Name: Netatmo Urban Weather Station
Type: Indoor and outdoor weather and environment monitoring sensor kit
Specifications: Click here for full specs
Price as reviewed: £139
Everywhere you go, you can always take the weather with you thanks to the Netatmo Urban Weather Station, tracking minute changes in humidity, temperature, CO2 levels and sound levels at your home while on the go through both iPhone and Android apps. But, for £139, can it glean any more information than a TV weather report or a quick glance out of the window already can? Read our full review to find out!
The Netatmo Urban Weather Station kit is made up of two aluminium cylinders, one intended for indoor use that hooks up to your mains, the other destined to brave the elements outside, powered by 4 AAA batteries (which should see out a year’s worth of use). They’re attractive and relatively discrete items that communicate with each other over Wi-Fi and send data to a set of free iPhone, iPad, Android and desktop apps, measuring everything from temperature to humidity, sound levels to CO2.
Setting up the Netatmo kit is a relatively painless affair, though the supplied instructional documentation isn’t all that helpful. You can pair the Netatmo to your router with either the desktop app with a USB cable (USB cabling is only needed during set-up) or through a similar process for iOS devices with iOS docking cables. Once connected to your Wi-Fi network, the sensors begin pumping environmental data to Neatmo’s servers, which you can view via a web portal or the mobile apps through your user account, which is set-up during installation.Netatmo claim that the smaller outdoor sensor can be placed as far as 100m away from the indoor mains connected unit, but that distance is cut considerably once walls and other obstacles are placed in the way. In reality (unless you live under a wall-less gazebo), expect that range to be halved. It’s also worth noting that the outdoor unit must be sheltered from harsh weather as it isn’t waterproof. You’ll have to find a little alcove outside for it to live in or face certain readings be skewed by factors such as heavy rain, for instance, a notable problem for a device that will spend almost all of its life outdoors.
Though the Netatmo kit offers forecast information provided by MeteoGroup, it’s real USP is allowing you to disseminate the minute fluctuations of all manner of readings in your immediate environment. Indoor and outdoor temperature, air quality and humidity can be measured, while the indoor sensor also picks up pressure, sound and CO2 level readings.
All of these measurements can then be tracked and recorded through the desktop and smartphone apps, and even turned into XLS or CSV files for exporting into other applications. It’s fascinating stuff, and at times a little too revealing! I got into a panic when I saw CO2 levels in my flat beginning to rise, though it turned out they were well within perfectly liveable ranges. But it proved to show just how muggy our indoors living conditions can be, let alone the pollutants outside. I’m just as concerned now with ventilation (especially around my kitchen’s gas-powered oven) as I am with keeping the heating off.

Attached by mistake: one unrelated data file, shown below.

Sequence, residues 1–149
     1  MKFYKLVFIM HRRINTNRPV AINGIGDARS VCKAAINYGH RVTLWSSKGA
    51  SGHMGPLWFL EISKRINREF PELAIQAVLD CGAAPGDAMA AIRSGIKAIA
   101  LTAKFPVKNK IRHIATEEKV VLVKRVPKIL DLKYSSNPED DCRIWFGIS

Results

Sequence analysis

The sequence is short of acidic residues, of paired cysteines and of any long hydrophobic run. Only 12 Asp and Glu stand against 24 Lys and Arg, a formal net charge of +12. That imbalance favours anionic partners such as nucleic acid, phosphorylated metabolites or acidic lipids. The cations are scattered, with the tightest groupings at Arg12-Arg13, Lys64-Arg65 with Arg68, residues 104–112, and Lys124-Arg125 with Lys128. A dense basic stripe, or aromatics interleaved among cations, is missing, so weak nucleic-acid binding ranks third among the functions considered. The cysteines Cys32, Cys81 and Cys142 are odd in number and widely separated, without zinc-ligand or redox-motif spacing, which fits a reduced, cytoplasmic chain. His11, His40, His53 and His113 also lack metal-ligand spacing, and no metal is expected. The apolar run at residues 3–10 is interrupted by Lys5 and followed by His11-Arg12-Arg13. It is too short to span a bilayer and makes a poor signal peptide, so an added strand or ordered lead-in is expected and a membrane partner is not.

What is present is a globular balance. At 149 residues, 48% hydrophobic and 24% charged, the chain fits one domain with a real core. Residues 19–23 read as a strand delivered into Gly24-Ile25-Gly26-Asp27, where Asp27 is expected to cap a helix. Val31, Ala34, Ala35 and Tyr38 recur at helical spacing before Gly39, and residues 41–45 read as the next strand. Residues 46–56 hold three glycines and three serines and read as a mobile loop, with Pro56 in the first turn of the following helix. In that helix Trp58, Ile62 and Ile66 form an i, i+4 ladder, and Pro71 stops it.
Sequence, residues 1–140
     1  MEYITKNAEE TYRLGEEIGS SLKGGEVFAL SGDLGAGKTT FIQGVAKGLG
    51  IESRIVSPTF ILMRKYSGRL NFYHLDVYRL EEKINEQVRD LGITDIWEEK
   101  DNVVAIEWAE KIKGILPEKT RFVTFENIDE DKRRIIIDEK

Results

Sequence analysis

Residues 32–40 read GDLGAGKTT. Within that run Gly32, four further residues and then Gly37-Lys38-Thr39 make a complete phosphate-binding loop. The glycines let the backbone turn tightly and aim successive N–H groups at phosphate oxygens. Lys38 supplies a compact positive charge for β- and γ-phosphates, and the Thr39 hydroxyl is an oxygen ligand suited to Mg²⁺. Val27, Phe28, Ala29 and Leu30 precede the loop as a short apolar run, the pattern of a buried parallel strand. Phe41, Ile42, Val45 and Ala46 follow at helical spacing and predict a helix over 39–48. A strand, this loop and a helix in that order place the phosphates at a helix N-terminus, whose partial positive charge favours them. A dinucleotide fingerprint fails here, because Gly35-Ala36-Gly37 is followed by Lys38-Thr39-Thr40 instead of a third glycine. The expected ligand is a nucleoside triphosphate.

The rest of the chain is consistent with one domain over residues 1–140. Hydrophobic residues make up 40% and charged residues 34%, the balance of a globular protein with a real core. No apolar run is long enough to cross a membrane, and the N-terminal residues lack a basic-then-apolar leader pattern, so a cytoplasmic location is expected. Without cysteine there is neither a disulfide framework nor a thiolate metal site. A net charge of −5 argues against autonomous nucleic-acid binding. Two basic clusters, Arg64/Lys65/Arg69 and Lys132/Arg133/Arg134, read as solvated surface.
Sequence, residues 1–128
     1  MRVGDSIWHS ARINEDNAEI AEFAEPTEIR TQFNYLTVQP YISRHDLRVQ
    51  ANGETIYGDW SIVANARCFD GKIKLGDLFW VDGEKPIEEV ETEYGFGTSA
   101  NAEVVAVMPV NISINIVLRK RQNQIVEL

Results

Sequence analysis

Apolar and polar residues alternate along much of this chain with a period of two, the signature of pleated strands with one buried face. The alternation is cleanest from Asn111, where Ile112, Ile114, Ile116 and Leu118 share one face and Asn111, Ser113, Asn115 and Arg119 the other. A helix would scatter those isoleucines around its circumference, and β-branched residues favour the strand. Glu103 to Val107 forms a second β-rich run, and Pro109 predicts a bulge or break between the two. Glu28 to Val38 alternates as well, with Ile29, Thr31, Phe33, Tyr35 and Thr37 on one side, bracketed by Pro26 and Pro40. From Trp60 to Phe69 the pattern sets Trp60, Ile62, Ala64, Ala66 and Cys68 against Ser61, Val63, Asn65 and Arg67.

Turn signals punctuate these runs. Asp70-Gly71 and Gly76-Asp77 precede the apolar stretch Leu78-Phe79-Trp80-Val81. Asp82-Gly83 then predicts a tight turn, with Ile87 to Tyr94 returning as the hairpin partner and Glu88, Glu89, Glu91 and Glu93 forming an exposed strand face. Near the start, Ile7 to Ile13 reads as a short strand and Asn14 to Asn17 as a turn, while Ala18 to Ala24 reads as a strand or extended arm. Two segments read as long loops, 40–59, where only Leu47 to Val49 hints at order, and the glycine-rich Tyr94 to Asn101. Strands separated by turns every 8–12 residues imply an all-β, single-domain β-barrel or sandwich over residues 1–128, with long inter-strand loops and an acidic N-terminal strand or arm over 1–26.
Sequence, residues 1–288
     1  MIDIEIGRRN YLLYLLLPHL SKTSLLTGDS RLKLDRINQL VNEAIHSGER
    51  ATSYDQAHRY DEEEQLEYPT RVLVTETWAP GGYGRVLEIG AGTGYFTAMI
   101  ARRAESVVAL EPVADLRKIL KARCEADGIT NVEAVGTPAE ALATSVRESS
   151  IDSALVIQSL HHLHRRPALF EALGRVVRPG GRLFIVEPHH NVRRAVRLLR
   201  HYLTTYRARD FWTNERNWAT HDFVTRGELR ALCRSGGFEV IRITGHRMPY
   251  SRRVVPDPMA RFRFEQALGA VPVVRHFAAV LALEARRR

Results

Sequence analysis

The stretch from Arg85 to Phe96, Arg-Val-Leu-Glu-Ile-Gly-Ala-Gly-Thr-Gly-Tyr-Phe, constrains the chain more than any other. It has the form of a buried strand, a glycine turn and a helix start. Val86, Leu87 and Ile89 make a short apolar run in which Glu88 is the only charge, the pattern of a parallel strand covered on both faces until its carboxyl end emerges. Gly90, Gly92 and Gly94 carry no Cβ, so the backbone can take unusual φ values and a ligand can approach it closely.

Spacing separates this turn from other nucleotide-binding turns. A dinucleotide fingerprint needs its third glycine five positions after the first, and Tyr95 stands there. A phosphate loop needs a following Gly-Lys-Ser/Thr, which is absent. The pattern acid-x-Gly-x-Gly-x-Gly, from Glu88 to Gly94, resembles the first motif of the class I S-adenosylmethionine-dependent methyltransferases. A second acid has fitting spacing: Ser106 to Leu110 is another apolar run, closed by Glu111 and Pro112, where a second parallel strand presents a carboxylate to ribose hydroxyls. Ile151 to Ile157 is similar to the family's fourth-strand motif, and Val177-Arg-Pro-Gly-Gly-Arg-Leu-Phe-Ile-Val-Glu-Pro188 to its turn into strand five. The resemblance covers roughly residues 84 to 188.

Presented in modular charts and readings, flipping the smart device running the Netatmo app horizontally lets you see readings in granular detail through graphs, showing five minute incremental readings. Though working perfectly well on a smartphone, the iPad version of the app proved most useful, letting you cram more information onscreen at once and more easily compare and contrast data. The indoor sensor also has an LED indicator strip that, when activated by a tap of the top of the unit, glows red, yellow or green for a quick visual cue to indoor air quality levels.Each version of the app can also be used to set up alerts, sent to your device of choice once the sensors pick up certain pre-determined readings. There are preset notification events that can be triggered, or you can create your own. For instance, setting the indoor sensor to pick up minute changes in sound levels when placed near your front door could well be used as a burglar alarm, or a way of letting you know your kids have got home safely from school. We can also see a busy market for the sensors for horticulturists with indoor greenhouse wares of the not-so-legal variety, too.
I have to admit to being quite skeptical as to the benefits of the unit when first setting the Netatmo kit up, but it’s won me over during the last couple of weeks. The information each monitor offers is presented cleanly and in fine detail, with a flexible alert system that can give the Netatmo some unexpected secondary uses. It’s very pricey, and as such will likely only be the reserve of budding meteorologists or demanding greenhouse gardners, but all will likely find the details of their immediate surroundings presented by the Urban Weather Station fascinating.